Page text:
Emigration Can Lead to More Votes for Right-Wing Parties in Poland
| Press release
Emigration from Poland can have a strong impact on elections, according to a new study in the journal EconPol Forum. Higher emigration causes a significant increase in right-wing votes: a 1 percent increase in the number of emigrants increases the share of right-wing votes by 0.25 percent. The opposite is true for the left-wing parties: a 1 percent increase in the number of emigrants causes a 0.57 percent decline in left-wing parties’ share of the vote. “This matters for the parliamentary election in Poland on October 15, since voting by mail from abroad has been abolished by the government,” says ifo migration researcher Yvonne Giesing.
This is important because 12.5 percent of the Polish population lives abroad. Many of them still have Polish citizenship and thus the right to vote. “Emigration from Poland has changed the structure of the electorate, which affects election results. The study’s key conclusion is that high emigration rates have led to an increase in votes for right-wing parties, as left-leaning votes have been missing,” Giesing says.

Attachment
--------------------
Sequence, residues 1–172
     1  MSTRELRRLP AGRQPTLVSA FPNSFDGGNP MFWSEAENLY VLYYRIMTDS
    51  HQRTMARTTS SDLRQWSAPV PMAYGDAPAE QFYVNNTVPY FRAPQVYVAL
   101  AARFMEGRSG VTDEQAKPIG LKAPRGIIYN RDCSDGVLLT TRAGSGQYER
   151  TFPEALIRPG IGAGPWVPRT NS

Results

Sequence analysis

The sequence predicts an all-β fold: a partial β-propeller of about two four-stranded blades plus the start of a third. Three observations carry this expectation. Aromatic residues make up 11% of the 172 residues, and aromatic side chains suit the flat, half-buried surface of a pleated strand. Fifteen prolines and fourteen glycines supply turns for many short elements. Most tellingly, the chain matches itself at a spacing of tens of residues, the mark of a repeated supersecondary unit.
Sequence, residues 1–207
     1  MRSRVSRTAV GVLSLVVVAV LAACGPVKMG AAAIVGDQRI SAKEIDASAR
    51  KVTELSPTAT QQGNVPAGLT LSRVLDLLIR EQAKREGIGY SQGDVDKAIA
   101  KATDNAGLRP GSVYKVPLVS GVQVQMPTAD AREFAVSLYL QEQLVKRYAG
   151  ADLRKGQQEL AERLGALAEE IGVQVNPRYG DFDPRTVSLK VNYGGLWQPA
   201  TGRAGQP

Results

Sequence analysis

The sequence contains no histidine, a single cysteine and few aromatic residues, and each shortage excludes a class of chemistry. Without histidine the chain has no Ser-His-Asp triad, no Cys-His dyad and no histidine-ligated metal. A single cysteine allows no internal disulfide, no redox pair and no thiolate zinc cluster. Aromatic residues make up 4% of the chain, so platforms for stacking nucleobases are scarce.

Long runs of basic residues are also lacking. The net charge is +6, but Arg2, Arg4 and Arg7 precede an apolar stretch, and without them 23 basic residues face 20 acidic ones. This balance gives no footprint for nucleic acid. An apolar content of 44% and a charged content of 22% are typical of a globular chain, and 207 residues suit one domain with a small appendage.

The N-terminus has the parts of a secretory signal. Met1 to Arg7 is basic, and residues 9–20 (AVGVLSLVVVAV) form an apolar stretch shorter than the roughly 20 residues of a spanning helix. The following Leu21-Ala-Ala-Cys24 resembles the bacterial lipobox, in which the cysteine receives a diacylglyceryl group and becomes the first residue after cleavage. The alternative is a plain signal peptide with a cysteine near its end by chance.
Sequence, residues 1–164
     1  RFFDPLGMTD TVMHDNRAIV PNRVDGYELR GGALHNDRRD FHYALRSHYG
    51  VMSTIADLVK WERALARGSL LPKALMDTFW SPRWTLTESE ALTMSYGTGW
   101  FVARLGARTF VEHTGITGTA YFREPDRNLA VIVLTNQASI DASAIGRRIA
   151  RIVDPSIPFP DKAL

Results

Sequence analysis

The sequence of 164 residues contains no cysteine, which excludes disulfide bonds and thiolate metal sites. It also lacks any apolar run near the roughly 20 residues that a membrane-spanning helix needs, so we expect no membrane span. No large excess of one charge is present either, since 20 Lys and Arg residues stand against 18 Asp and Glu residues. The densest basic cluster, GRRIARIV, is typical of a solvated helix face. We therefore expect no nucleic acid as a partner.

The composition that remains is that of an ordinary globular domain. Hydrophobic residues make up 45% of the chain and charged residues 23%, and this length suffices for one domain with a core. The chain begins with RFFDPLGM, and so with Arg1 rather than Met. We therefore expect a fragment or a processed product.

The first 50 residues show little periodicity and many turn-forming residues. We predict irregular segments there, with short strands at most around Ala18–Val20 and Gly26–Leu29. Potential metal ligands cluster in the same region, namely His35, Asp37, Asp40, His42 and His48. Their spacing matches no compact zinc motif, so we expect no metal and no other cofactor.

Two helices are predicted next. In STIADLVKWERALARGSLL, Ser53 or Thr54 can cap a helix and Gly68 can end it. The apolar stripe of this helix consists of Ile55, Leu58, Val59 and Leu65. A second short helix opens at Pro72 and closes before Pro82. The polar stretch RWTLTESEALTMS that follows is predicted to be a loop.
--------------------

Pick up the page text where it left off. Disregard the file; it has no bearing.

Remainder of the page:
The study is based on data from Statistics Poland. Containing information on permanent immigrants and emigrants, the dataset covers the period from 1997 to 2019 and is consistent with available election data. Preferences and attitudes come from the Life in Transition Survey (LiTS), a survey of the population’s political attitudes conducted by the European Bank for Reconstruction and Development. These combined datasets provide comprehensive information on emigrants, voting behavior, preferences, and demographic characteristics.
Questions can be directed to: Dr. Yvonne Giesing, +49 89 9224 1219, Giesing@ifo.de